Uncertainty in “The Storm”

By Fallon Ward

Thomas Cole’s View from Mount Holyoke, Northampton, Massachusetts, after a Thunderstorm—The Oxbow, 1836. Oil on canvas, 51 ½ x 76 in. Referred to as The Oxbow, Cole paints a panoramic scene of the Connecticut River Valley as a thunderstorm approaches, or leaving, the land. On the left side, the painting is filled with gray, almost black, clouds and shattered clusters of trees and nature but as the clouds roll over into the right side of the composition, the right side of the painting shows cleared fields where a civilization resides with the open skies above. Cole’s work shows the grandeur of nature while showing it’s horrors. 

Published in 1969 in The Complete Works of Kate Chopin, Chopin originally wrote “The Storm” in 1898. “The Storm” is broken into short chapters that follows the events that take place in one day during a storm in a Louisiana town. At the center of the storm is fear, romance, adultery, and betrayals. But while the storm can be as damaging as the lies, the passionate descriptions of such destructive nature makes the readers uncertain of how to read and understand her story.

In the first chapter, Bobinôt with his son, Bibi, are trapped inside a local store as a storm rages on outside. Chopin emphasis the power as well as the fear of nature by describing the storm within the first lines of the chapter.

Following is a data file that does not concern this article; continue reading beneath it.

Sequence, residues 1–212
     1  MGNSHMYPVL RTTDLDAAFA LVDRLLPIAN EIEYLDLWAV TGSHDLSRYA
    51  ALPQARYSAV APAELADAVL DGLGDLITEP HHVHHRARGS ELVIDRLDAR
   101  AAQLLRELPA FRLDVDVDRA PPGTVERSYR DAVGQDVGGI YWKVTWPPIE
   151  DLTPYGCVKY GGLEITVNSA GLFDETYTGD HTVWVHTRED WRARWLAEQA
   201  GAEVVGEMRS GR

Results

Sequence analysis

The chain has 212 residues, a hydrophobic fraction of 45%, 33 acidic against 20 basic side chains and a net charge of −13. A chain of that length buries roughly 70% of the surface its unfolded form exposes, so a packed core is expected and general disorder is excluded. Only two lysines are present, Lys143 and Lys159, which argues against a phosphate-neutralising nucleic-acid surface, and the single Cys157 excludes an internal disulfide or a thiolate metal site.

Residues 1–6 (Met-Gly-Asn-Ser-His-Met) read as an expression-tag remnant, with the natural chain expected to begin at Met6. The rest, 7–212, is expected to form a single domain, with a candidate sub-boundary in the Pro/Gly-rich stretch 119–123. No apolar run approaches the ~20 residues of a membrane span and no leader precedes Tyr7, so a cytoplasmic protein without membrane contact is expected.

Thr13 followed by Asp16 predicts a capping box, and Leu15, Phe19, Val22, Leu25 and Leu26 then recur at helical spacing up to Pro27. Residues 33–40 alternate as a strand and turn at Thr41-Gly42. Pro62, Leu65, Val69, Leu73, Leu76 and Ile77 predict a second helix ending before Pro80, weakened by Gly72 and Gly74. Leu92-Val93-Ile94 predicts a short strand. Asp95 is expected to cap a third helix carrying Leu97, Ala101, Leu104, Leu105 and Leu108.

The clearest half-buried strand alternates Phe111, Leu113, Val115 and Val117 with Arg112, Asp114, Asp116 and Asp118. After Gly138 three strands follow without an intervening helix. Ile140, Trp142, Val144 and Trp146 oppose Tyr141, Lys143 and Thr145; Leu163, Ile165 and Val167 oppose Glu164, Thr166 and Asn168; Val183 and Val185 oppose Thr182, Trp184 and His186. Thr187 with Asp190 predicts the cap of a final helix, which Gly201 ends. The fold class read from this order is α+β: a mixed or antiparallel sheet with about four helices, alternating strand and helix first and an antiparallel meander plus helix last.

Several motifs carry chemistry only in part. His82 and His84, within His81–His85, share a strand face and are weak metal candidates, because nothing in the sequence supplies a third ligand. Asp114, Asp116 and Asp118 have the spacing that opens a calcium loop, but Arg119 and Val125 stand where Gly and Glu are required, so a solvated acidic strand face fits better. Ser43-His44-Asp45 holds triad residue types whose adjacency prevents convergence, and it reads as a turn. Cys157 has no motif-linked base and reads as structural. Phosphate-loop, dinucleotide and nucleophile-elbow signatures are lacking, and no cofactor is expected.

“The leaves were so still that even Bibi thought it was going to rain. Bobinôt, who was accustomed to converse on terms of perfect equality with his little son, called the child’s attention to certain sombre clouds that were rolling with sinister intention from the west, accompanied by a sullen, threatening roar.” (Chopin 1)

While Bibi and his father wait in the store with the bags of shrimp purchased for his mother Calixta, Bibi mentions that he thinks his mother will be afraid since she is home alone in the storm. Allen Stein states by writing Bibi and Bobinôt running errands for Calixta and expressing concern for her safety, it’s an ideal family situation that makes the events in the story more shocking and confusing for a reader to comprehend. “[Chopin] might just as likely be suggesting the sheer sweetness of the man and implying in advance that any woman who would betray such a man is doing something reprehensible” (Stein 54). The moral ambiguity and the “kaleidoscopic” use of the storm, Stein says, in the story begins after this moment between father and son as Chopin then turns the story’s attention to Calixta.

In the second chapter, while Bobinôt and Bibi are stuck in the shop, Chopin turns to Calixta as she works diligently at home. The power of the fearsome storm seems to escape Calixta until a guest arrives at her home seeking refugee from the storm. The visitor is a former beau of hers, Alcée Laballière, who is also married. While the storm rages outside, Calixta and Alcée have intercourse in the house, both overwhelmed by each other in the chaotic, powerful rush of the storm, a description of sensuality that Emily Toth notes as “hardly typical of the genteel 1890’s” (Toth 658).

“They did not heed the crashing torrents, and the roar of the elements made her laugh as she lay in his arms. She was a revelation in that dim, mysterious chamber; as white as the couch she lay upon. Her firm, elastic flesh that was knowing for the first time its birthright, was like a creamy lily that the sun invites to contribute its breath and perfume to the undying life of the world” (Chopin 2).